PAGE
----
LS: Women in Southeast Asia are significant players in the development of the region. They play a dominant role in private and government sectors in different countries in the region. As such, gender is mainstreamed in CRP research, and many of the important research activities that address food security and nutrition issues are led by women as well.

Dr. Bruce Campbell (BC): We will use IWD to #PressForProgress with all our project participants, indicating we want all participants to make an extra effort to reduce gender gaps in line with the global ambitions, with a stock take on what was achieved by CCAFS at year end.

NC: Most of our gender-integrated project activities are actually trying to “press for progress.” We work in multiple districts across India where socio-cultural norms prohibit women farmers from actively taking part in interventions. However, through numerous capacity building and training exercises, we encourage women to participate and help them understand their role in the project activities. In some districts, such as Madhya Pradesh, Uttar Pradesh and Bihar, we promote CSA activities through women-led groups. The group-based approach is known to be a powerful tool to empower rural women. Our gender-specific research for development also strives to achieve gender parity across research objectives. For instance, a project in Nepal is aiming to influence, or “press,” policymakers to incorporate gender issues into key climate change and agricultural policies. Across our research CRP’s we are making a conscious effort to promote a gender-parity mindset while defining our outcomes and impacts.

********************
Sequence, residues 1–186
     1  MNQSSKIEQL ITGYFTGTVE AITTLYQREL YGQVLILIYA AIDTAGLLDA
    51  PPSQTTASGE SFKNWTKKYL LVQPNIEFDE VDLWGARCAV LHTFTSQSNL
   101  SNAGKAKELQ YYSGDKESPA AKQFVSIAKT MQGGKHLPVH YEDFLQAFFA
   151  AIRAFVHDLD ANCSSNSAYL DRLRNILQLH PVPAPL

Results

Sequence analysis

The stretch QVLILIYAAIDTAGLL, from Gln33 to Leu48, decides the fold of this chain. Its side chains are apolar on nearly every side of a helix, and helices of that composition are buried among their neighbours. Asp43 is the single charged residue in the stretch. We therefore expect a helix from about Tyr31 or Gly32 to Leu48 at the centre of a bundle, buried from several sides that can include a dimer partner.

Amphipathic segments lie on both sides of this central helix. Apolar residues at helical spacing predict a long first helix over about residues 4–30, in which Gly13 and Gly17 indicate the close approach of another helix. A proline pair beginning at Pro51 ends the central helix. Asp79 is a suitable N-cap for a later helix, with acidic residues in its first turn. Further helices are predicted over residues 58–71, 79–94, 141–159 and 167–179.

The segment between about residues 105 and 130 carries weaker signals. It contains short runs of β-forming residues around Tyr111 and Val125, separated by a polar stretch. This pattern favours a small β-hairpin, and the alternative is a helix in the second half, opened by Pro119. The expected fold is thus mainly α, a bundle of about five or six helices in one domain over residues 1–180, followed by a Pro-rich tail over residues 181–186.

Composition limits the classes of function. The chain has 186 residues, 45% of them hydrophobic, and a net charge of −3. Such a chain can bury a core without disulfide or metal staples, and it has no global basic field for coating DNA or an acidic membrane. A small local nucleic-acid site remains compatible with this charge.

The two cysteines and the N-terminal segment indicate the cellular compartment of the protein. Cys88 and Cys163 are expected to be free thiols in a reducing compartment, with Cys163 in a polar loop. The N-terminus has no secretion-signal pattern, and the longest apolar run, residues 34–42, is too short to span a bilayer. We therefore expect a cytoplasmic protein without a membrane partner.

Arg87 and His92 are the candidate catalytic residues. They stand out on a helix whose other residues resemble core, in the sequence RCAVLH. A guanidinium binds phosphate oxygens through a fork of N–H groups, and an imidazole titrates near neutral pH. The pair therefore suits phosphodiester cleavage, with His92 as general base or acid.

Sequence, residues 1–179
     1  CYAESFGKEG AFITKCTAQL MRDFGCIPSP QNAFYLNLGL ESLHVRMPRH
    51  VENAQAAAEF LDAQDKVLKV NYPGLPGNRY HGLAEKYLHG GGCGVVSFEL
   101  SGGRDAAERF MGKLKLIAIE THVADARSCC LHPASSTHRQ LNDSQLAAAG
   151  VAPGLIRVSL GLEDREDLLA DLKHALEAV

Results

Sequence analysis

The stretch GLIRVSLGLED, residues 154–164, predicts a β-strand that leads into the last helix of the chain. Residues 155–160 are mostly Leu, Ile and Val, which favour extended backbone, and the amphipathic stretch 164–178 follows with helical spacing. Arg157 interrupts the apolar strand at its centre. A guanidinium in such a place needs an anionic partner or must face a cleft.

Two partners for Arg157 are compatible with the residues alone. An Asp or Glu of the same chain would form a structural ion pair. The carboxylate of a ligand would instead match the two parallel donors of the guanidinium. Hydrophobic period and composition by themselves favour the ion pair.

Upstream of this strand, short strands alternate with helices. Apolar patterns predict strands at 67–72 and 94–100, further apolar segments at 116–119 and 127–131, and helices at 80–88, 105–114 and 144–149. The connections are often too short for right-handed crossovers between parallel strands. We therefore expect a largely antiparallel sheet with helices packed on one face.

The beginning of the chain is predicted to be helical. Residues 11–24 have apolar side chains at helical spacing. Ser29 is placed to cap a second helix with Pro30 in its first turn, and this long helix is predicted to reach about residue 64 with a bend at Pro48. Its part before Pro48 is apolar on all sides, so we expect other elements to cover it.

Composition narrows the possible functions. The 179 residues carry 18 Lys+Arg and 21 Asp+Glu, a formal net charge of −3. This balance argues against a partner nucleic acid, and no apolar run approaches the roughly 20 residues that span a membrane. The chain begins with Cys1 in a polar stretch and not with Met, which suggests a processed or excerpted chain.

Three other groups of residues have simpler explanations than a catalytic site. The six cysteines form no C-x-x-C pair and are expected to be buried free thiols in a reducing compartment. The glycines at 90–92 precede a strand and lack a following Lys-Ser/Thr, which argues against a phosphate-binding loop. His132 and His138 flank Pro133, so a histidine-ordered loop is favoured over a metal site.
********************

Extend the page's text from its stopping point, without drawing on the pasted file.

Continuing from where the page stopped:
Woman farmer harvesting rice in Xã Mỹ Thuận in northern Vietnam. Photo: Leo Sebastian (CCAFS Southeast Asia)

What are the key opportunities for gender research to achieve more impact?

LS: Gender research should always take context into account. The diversity of agro-climatic, socio-cultural, and economic conditions should always be a primary consideration. Achieving greater impact in Southeast Asia would require research for development (R4D) to reduce women’s burden in most field and household activities and empower them with managerial skills and technical knowledge. With increasing male out-migration to cities, women are becoming the de facto heads of households and farm managers. They need to upgrade their knowledge and skills as well as have access to income opportunities within their villages. Gender research should also be mainstreamed in R4D and not just be treated as part of a checklist. We need to show more examples of how gender research has made a difference in the lives of poor women, particularly those who live in vulnerable areas.

BC: In terms of climate change, the key opportunity is empowering women with information to make decisions in an increasingly variable and challenging climate. Information is a key part of building adaptive capacity. Our particular focus will be on climate forecasts, both seasonal and 10-day forecasts, and the associated agricultural information to make decisions about farming operations, such as what to plant, when to plant, and when to fertilize. Women have different means of accessing information than men, so this research involves improving forecasting, the content of the information, and the means of communicating.

NC: We see great opportunity in participatory research to test the feasibility and gender responsiveness of various CSA practices, including information and communication technologies and crop insurance. This still seems to be a grey area that, if researched, can further provide great insights for policy as well as local project implementation. Additionally, making use of big data to highlight prevailing socio-economic conditions and trends can augment the gender research portfolio to a considerable extent.